Last mission to repair the Hubble telescope Hubble space telescope discoveries have enriched our understanding of the cosmos. In this special report, you will see facts about the Hubble space telescope, discoveries it has made and what the last mission's goals are.
For their own good
Fifty years ago, they were screwed-up kids sent to the Florida School for Boys to be straightened out. But now they are screwed-up men, scarred by the whippings they endured. Read the story and see a video and portrait gallery.
Fill out this form to email this article to a friend
Montoya brings new fans to tracks
The Colombian has a passionate Latin American following at this weekend's races.
By KELLIE DIXON
Published November 19, 2006
HOMESTEAD - Jhon Castillo and his crew were ready in Section 230.
They waved their fan version of the Colombian flag up and down and cheered wildly as soon as Juan Pablo Montoya's face popped up on the screen at the Homestead-Miami Speedway. The announcer hadn't even introduced Montoya.
Really, he didn't need to.
The cheering and chanting - "Pablo, Pablo, Pablo" - continued until Montoya started his engine and roared through his fourth Busch Series start on Saturday night.
Montoya, who makes his Nextel Cup debut today, is a South Florida favorite because he's a Miami resident. He's a Latin American favorite because he's Colombian.
Those two reasons - plus Montoya's success on the Formula One circuit - drew many, like Castillo, to their first NASCAR race.
Leonardo Gonzalez flew in from Panama to visit his family and watch Montoya race. But maybe not necessarily in that order. Gonzalez isn't just a Montoya enthusiast. He's a fanatic. The 37-year-old native Colombian named his son Juan Pablo, and he drives a Mercedes-Benz, which made the motor for Montoya's McLaren team. Now Montoya races a Dodge.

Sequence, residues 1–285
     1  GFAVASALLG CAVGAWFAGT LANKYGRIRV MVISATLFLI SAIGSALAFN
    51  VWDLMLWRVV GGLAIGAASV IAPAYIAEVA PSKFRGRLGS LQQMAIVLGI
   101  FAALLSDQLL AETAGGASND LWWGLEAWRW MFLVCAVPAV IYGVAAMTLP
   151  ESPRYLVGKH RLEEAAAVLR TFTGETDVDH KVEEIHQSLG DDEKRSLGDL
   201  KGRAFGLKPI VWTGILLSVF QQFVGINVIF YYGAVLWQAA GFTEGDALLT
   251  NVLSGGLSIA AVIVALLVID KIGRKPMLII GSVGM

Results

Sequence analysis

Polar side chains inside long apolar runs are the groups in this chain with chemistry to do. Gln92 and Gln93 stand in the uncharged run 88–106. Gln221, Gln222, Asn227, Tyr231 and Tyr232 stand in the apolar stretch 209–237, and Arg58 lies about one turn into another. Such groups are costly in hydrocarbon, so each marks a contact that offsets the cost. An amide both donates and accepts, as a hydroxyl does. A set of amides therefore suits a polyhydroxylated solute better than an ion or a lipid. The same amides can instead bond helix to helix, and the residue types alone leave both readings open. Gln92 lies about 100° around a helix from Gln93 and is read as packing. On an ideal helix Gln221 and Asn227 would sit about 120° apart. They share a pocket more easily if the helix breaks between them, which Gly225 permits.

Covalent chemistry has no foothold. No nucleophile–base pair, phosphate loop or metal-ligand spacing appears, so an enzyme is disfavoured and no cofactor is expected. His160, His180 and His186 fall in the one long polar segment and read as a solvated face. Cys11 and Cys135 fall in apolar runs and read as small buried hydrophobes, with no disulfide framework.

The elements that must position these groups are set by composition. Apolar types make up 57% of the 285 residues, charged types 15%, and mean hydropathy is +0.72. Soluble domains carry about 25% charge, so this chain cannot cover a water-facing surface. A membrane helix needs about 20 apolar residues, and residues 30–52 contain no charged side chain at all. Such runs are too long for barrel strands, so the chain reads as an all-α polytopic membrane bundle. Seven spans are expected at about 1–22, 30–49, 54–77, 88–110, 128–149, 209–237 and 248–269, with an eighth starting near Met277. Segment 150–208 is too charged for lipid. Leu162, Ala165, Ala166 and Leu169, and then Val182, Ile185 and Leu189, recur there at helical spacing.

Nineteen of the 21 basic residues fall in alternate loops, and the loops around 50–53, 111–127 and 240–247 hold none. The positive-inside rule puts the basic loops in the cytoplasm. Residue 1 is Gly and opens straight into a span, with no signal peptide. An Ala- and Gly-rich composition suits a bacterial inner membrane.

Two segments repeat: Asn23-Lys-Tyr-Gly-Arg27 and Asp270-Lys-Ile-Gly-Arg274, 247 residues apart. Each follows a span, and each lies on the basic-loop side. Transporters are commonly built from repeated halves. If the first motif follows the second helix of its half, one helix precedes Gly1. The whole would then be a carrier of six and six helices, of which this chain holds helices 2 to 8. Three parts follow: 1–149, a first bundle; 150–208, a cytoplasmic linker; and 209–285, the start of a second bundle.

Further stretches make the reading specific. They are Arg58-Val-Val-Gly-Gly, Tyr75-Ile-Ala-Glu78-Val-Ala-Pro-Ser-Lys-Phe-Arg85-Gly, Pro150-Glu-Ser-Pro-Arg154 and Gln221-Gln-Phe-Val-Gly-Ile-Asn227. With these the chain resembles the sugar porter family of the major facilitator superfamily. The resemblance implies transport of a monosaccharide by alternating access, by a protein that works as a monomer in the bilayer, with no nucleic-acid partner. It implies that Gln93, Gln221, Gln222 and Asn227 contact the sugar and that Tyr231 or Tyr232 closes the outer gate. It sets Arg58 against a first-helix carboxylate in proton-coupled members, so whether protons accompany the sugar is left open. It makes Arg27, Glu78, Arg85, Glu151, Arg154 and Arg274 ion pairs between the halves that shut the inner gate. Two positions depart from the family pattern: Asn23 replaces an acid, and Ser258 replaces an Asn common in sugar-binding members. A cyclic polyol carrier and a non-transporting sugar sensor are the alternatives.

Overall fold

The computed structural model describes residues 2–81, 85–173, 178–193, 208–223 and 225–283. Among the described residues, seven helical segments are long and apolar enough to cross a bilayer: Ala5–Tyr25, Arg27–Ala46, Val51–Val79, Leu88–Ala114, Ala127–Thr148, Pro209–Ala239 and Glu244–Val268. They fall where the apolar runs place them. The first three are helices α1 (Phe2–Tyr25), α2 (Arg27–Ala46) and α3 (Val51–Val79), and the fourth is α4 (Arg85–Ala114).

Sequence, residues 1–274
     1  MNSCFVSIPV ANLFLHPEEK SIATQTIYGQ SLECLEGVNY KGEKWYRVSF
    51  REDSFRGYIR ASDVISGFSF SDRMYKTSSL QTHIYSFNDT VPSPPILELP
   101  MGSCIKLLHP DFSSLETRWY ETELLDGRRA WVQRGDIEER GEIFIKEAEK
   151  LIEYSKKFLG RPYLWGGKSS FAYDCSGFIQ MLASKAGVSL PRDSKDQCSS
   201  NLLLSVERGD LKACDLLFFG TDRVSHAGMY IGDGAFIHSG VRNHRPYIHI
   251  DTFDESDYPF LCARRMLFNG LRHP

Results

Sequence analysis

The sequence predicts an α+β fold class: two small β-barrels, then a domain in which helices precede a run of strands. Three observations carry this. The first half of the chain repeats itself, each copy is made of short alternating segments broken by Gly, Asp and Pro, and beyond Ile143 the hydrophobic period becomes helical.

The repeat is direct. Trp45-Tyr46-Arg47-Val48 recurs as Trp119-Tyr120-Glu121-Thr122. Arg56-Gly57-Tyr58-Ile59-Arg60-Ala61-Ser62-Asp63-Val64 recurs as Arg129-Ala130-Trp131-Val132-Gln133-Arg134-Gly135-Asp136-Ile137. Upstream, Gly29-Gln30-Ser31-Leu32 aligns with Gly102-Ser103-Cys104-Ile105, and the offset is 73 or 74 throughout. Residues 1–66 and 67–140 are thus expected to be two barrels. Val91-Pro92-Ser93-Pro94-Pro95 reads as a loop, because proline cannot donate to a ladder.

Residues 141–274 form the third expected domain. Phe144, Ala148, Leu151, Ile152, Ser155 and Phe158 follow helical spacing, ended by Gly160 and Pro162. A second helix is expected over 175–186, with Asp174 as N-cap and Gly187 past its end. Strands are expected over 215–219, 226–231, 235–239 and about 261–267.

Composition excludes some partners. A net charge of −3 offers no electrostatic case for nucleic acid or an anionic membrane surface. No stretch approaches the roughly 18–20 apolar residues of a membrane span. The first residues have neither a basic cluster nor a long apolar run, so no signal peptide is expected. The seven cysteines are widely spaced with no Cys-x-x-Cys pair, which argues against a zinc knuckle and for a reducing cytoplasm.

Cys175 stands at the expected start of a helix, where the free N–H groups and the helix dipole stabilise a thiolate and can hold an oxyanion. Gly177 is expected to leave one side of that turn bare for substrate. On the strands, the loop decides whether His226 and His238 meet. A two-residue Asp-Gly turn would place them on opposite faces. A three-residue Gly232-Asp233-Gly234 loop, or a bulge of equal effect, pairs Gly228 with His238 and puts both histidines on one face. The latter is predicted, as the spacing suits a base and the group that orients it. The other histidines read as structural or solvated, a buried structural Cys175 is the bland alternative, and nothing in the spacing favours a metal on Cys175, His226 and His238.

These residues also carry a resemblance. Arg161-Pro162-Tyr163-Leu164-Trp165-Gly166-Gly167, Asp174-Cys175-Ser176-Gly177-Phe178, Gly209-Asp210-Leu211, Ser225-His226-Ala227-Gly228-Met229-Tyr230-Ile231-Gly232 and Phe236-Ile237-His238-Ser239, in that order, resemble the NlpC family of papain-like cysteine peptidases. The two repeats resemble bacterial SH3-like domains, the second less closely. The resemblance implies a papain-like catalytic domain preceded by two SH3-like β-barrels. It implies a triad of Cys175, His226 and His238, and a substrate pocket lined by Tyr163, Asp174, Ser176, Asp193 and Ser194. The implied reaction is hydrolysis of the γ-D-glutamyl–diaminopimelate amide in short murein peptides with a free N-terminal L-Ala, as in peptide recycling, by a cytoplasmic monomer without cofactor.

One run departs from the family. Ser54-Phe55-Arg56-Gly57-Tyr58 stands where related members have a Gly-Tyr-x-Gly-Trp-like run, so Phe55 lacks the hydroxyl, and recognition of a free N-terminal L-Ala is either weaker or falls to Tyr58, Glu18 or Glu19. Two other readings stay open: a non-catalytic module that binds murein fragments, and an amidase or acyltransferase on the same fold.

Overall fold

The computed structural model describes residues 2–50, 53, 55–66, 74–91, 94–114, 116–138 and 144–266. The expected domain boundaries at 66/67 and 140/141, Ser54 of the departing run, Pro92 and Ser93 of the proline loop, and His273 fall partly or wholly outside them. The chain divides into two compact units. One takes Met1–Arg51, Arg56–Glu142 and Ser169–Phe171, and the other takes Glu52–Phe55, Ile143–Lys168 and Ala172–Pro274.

"It's going to be hard to change to Dodge," Gonzalez said. "But we're thinking about it."
Gonzalez's sister Nini lives in Miami, and she said the family probably will make plans for Daytona International Speedway.
The season-opener in February is a definite for Castillo, a native Colombian who has lived in Miami for three years. Castillo peeked through his binoculars to follow the No. 30 as he sat in the stands with his sister, Nina Castillo, and her husband, Andres Herrera, during Saturday's qualifying. Jhon Castillo and Herrera had No. 42 caps - Montoya's number in 2007 - on their heads and each had tied a fan version of the Colombian flag around his shoulders. Underneath his homemade cape, Castillo wore a soccer-style Montoya jersey he bought when he walked into the racetrack.
Montoya gear was limited on vendor row to a T-shirt and the soccer jersey. The $30 jersey, only 2 days old, easily was the most popular pick.
Jhon Castillo said the soccer style is what makes it appealing. Colombian soccer jerseys dotted the stands during Saturday night's race. And Castillo added that Colombians get just as rowdy at Formula One races as they do during soccer matches.
For some, it's a pride thing. Leo Pena, 39, and his 5-year-old son, Luis, walked on vendor row early Saturday afternoon. The 39-year-old Venezuelan native sported a Montoya hat.
"We are very supportive with our people," Pena said. "I think more and more Latin people will come here."